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State Primaries Show the Tea Party is Alive and Well

The Tea Party was not a flash in the pan, and as more time goes by it’s starting to look like a lasting political influence.  At the beginning of this year I commented that the Tea Party was in “hibernation,” but now that election season is upon us the resurgence I predicted has come full force.  (Yes, I’m aware that was far from a risky conjecture.)  And the Occupy movement?  Well, it has certainly moved—into irrelevance.

Nationally, Ted Cruz’s victory last week in the Texas Republican primary for United States Senator against GOP favorite David Dewhurst was what our Vice President would eloquently term a “big [stinking] deal” (were he of the liberty persuasion, of course).  At the state level two months ago, Scott Walker’s re-election in Wisconsin in a recall vote with a slightly larger margin than his initial 2010 victory marked a turn in the tide of public sector largesse, buttressed by a mostly failed a series of recall votes against Republican legislators in the same state.  In both Texas and Wisconsin, the Tea Party played a major role against the Democratic Party and, more tellingly, the Republican establishment.

And then last night.

In Kansas, seven (possibly eight) moderate Republicans were ousted in the state senate primary: “If Republicans keep the seats they now have, conservatives would have 27 in the 40-member Senate. Elections in 2010 . . .  left the House with a conservative GOP majority.”  In Missouri, Tea Party favorite Todd Akin will now face off against Senator Claire McCaskill in the general election after winning a three-candidate primary.  It is true that Akin garnered some Democratic support since he is considered the weakest opponent against McCaskill, but given McCaskill’s popularity as of late and Missouri’s conservative shift over the past few years, this is a risky bet.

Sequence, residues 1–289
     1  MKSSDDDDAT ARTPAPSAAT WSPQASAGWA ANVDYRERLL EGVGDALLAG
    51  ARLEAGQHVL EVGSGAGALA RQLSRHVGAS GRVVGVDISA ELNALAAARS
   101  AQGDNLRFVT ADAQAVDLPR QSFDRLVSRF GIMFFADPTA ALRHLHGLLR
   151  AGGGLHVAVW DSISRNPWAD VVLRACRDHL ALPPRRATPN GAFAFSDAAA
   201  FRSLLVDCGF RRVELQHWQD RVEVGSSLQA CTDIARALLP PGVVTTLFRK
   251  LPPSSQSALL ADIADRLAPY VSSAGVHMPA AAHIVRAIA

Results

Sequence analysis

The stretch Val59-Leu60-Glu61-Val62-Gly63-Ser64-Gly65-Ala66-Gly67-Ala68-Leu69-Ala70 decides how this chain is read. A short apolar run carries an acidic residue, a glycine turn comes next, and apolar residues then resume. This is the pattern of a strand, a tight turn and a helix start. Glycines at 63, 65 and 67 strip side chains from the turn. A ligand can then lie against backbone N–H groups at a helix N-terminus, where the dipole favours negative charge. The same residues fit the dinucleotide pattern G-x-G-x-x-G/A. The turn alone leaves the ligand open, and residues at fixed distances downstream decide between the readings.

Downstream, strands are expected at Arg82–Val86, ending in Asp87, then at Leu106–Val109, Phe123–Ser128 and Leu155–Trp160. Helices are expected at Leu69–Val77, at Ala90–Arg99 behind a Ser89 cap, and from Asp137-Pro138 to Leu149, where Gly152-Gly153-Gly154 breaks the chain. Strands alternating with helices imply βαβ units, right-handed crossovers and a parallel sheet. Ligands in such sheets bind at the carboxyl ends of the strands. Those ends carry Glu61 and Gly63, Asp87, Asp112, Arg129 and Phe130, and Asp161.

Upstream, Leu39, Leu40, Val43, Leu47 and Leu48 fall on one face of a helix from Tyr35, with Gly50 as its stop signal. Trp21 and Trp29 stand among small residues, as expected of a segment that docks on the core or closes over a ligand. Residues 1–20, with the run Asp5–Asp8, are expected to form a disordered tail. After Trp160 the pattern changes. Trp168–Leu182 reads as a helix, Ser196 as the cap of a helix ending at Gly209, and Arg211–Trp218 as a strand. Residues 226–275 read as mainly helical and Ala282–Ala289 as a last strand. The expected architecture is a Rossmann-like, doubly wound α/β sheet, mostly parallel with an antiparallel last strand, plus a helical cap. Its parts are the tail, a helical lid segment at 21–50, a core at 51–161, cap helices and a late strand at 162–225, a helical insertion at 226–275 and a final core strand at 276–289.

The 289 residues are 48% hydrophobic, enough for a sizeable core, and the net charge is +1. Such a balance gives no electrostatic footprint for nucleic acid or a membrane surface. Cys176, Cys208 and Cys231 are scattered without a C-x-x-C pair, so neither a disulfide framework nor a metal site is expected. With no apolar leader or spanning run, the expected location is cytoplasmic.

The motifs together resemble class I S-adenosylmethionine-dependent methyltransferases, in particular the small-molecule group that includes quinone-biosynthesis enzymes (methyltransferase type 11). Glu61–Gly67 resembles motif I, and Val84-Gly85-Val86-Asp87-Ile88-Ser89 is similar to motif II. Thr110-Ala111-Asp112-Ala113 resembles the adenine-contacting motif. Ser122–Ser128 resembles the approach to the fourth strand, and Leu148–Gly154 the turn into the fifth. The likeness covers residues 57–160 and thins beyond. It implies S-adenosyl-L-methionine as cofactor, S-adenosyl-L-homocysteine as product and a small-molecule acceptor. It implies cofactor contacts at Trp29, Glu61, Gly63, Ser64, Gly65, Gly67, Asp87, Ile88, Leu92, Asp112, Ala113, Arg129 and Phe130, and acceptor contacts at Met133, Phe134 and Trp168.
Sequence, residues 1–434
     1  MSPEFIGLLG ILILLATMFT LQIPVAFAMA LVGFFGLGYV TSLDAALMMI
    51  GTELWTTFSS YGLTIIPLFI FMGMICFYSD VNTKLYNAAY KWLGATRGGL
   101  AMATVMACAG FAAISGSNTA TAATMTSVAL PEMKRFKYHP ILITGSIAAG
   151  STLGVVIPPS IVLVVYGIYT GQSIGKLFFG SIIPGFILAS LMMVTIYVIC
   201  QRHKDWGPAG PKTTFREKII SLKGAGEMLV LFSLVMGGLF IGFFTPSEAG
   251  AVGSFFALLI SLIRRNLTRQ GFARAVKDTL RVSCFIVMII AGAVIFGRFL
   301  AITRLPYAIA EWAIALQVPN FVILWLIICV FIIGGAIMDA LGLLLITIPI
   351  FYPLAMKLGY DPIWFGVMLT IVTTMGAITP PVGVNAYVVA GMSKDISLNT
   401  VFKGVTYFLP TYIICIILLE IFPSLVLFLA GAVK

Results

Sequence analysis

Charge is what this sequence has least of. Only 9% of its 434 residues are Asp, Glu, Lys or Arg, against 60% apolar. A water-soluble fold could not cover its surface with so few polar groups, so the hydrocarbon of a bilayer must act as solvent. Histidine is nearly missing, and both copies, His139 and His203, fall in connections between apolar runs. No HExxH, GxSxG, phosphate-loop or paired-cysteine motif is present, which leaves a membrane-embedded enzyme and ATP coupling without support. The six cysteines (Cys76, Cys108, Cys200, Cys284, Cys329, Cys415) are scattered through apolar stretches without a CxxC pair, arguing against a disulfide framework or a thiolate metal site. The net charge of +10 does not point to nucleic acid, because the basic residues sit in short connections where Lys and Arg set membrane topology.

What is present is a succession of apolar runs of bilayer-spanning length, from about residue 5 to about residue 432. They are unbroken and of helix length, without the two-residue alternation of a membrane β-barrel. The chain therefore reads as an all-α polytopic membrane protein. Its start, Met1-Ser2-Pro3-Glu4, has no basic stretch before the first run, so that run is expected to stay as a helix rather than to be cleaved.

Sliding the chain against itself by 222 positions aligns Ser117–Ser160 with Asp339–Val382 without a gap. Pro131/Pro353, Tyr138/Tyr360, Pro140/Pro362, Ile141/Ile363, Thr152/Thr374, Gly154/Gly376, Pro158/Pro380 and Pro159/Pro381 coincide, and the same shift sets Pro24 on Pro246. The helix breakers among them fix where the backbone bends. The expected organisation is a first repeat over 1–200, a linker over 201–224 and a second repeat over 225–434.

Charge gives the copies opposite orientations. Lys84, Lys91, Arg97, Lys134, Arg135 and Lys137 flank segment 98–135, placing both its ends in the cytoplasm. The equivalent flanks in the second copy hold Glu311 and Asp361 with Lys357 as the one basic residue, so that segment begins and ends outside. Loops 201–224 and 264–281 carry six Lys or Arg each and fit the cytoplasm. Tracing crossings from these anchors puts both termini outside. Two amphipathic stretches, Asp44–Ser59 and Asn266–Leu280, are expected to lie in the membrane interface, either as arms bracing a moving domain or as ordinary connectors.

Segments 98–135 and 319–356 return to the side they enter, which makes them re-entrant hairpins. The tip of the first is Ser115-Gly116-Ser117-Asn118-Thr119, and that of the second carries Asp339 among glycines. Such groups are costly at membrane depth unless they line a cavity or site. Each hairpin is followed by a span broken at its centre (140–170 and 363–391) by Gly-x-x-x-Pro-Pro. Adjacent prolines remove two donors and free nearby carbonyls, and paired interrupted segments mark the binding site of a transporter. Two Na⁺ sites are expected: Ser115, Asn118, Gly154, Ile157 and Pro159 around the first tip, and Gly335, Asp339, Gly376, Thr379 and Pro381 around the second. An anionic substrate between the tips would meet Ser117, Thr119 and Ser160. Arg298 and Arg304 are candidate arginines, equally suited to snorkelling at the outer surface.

Last night was not a nationwide sweep.  In Michigan, Pete Hoekstra, an establishment Republican, soundly beat Tea Party insurgent Clark Durant for Republican Senate candidacy.  Furthermore, the largest point against the Tea Party’s influence still casts a long shadow: Mitt Romney is all but guaranteed the Republican nomination for President, having beaten out Tea Party favorites (at different times and in different segments) Ron Paul, Rick Santorum, Herman Cain, Newt Gingrich and Rick Perry.  (I must of course include Gary Johnson, but he is still running, now on the Libertarian ticket.)  However, since becoming the de facto Republican nominee Romney has worked diligently to court the Tea Party, utilizing a lot of free market rhetoric.  He continues to carefully weigh who he will pick as his Vice President running mate, and I’m willing to bet it will be someone with a far more encouraging record than Romney’s own.

Wyoming’s primary is less than two weeks away on August 21, and things are looking very interesting indeed.  While we remain a GOP-dominated state, a number of Republican legislators are facing primary challenges, and the rhetoric focuses on just who has the most liberty-oriented principles.  To this blogger / attorney / occasional bloviator (but I repeat myself), nothing could be a better prediction for a pending shake-up than certain figures decrying this as “a symptom of what has gone wrong in American politics.” Hardly.  For the second election season in a row, the Tea Party is ensuring that individual liberty and responsibility has a place in the political discussion, and voting accordingly.  This is as “right” as American politics can get.

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Thursday, 21 September 2017
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